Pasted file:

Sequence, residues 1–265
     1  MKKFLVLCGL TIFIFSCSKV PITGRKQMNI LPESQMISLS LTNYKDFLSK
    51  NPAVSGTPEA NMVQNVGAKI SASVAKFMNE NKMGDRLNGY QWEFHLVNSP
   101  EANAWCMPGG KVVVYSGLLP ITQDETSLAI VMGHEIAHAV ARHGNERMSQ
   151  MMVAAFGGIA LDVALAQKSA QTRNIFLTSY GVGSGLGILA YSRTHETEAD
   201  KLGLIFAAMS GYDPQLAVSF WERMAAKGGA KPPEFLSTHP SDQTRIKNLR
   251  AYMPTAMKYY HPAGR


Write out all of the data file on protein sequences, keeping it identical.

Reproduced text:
Sequence, residues 1–265
     1  MKKFLVLCGL TIFIFSCSKV PITGRKQMNI LPESQMISLS LTNYKDFLSK
    51  NPAVSGTPEA NMVQNVGAKI SASVAKFMNE NKMGDRLNGY QWEFHLVNSP
   101  EANAWCMPGG KVVVYSGLLP ITQDETSLAI VMGHEIAHAV ARHGNERMSQ
   151  MMVAAFGGIA LDVALAQKSA QTRNIFLTSY GVGSGLGILA YSRTHETEAD
   201  KLGLIFAAMS GYDPQLAVSF WERMAAKGGA KPPEFLSTHP SDQTRIKNLR
   251  AYMPTAMKYY HPAGR